U.S. Rep. Brian Fitzpatrick (R-PA) on Feb. 25 introduced bipartisan legislation that would amend the Higher Education Act of 1965 to support apprenticeship programs across the nation.

“By promoting the collaboration between higher education and apprentice programs,” Rep. Fitzpatrick said, “this bill will help to prepare the next generation for good-paying jobs, while addressing our nation’s current shortage of trained workers.”

Rep. Fitzpatrick co-sponsored the Student Apprenticeship Act of 2020, H.R. 5961, with bill sponsor U.S. Rep. Ro Khanna (D-CA) to modernize workforce training and spur the growth of registered apprenticeships nationwide.

H.R. 5961 is a companion bill to S. 2899, introduced in November 2019 by U.S. Sen. Michael Bennet (D-CO).

Specifically, the measure would create a grant program that aligns institutions of higher education, employers and workforce intermediaries to create apprenticeship opportunities for students.

For example, as a student and an apprentice, participants would work to earn college credit and an industry credential while their employers pay them, according to a summary provided by Rep. Fitzpatrick’s office.

At the same time, employers would pay at least 25 percent of the student’s college tuition and fees, and student-apprentices would earn credits for their work that counts towards their degree and their industry credential, the summary says.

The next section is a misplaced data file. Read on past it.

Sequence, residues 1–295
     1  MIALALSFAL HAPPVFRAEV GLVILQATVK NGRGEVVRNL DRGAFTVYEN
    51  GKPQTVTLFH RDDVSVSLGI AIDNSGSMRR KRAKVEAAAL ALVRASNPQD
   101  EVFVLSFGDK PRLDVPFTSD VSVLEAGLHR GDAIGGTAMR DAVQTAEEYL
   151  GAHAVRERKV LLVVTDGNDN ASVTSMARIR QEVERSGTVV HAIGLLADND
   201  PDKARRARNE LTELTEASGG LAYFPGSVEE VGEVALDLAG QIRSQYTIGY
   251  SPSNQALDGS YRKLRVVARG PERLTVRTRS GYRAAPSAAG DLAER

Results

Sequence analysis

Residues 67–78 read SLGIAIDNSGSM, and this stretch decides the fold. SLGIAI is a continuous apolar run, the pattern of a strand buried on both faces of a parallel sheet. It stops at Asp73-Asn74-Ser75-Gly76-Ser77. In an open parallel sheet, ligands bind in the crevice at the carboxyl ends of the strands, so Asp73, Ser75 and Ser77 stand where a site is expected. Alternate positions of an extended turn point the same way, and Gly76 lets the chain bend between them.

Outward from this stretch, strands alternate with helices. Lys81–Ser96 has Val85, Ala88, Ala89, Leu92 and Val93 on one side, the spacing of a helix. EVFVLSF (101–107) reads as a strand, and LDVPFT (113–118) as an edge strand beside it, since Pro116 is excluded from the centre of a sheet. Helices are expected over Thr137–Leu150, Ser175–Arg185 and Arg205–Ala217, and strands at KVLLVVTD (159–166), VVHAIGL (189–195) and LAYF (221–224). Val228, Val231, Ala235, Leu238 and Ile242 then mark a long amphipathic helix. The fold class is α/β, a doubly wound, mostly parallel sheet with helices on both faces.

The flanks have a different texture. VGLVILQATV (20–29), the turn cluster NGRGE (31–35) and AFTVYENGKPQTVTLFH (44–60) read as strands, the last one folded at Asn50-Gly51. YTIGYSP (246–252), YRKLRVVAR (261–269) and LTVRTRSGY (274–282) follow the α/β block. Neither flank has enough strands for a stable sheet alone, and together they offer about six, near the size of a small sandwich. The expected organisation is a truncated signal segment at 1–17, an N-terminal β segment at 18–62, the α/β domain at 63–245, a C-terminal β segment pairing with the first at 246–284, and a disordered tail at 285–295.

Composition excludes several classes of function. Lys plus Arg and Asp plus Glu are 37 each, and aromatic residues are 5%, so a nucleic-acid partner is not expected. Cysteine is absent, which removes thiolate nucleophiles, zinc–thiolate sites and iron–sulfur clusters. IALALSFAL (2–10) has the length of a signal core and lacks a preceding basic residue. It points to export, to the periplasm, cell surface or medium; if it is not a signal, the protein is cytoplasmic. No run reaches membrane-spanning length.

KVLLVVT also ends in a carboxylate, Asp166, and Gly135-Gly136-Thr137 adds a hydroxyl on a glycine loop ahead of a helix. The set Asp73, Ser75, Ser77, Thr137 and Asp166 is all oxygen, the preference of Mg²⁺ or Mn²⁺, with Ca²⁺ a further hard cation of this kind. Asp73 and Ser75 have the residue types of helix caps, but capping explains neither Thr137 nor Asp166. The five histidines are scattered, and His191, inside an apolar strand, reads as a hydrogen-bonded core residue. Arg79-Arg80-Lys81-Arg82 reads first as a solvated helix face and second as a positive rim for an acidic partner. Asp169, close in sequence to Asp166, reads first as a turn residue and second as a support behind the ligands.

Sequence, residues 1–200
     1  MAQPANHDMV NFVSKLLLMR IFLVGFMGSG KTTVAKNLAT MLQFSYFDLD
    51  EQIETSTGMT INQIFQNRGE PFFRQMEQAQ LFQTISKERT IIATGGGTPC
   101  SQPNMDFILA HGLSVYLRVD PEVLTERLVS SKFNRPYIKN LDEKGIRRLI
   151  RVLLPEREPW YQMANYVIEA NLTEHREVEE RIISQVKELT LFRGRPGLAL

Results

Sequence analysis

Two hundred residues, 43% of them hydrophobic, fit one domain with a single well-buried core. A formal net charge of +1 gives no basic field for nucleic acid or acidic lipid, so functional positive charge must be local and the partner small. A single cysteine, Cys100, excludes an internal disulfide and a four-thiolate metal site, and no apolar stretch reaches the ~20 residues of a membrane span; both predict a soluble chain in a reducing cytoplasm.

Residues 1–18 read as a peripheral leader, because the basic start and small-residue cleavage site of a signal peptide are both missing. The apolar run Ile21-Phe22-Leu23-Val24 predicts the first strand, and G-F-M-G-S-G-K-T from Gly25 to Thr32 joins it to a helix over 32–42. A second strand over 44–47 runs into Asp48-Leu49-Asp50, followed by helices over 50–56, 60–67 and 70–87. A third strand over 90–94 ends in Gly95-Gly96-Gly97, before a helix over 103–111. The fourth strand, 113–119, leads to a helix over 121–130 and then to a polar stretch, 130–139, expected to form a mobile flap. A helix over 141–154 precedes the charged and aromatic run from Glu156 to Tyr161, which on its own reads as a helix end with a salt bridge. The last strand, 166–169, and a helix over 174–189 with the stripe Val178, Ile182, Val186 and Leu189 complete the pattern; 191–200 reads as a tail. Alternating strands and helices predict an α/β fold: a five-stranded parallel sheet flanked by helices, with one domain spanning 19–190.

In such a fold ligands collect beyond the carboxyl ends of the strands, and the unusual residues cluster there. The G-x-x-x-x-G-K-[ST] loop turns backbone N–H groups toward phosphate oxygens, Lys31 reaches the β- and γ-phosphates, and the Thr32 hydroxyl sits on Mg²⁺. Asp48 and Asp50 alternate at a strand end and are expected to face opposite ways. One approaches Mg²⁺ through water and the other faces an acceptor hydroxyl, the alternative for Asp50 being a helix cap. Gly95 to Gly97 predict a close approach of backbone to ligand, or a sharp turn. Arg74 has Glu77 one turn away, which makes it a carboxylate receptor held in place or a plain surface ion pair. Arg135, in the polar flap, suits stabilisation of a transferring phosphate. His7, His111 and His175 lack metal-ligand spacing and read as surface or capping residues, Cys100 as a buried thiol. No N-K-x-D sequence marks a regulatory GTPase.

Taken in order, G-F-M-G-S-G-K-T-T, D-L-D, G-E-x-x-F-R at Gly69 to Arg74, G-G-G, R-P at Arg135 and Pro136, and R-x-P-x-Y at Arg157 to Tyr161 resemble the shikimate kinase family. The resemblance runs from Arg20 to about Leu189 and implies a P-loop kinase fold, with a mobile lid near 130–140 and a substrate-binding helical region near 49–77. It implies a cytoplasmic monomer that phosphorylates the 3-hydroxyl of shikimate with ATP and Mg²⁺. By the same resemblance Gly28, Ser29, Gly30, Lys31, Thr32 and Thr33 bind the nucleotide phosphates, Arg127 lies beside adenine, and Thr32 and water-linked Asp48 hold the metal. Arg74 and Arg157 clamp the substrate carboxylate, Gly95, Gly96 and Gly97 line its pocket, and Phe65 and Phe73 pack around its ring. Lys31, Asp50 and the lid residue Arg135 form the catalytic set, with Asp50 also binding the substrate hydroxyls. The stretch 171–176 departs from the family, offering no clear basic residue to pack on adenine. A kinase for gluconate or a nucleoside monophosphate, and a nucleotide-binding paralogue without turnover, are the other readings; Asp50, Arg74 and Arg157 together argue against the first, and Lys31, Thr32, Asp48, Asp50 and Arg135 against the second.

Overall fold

The bill also would create competitive grants to institutions of higher education, employers and workforce intermediaries to offset the costs associated with developing and implementing student-apprenticeships, among other provisions, according to the bill summary.

“Apprenticeship programs grow our economy by fostering training programs that will prepare workers for in-demand careers,” said Rep. Fitzpatrick. “There has been a consistent increase in the number of jobs, but employers are struggling to find skilled workers.”

The bill has garnered support from Advance CTE, the American Association of Community Colleges, the Association for Career and Technical Education, the Center for Law and Social Policy, and the National Association of Workforce Boards, among many others.

###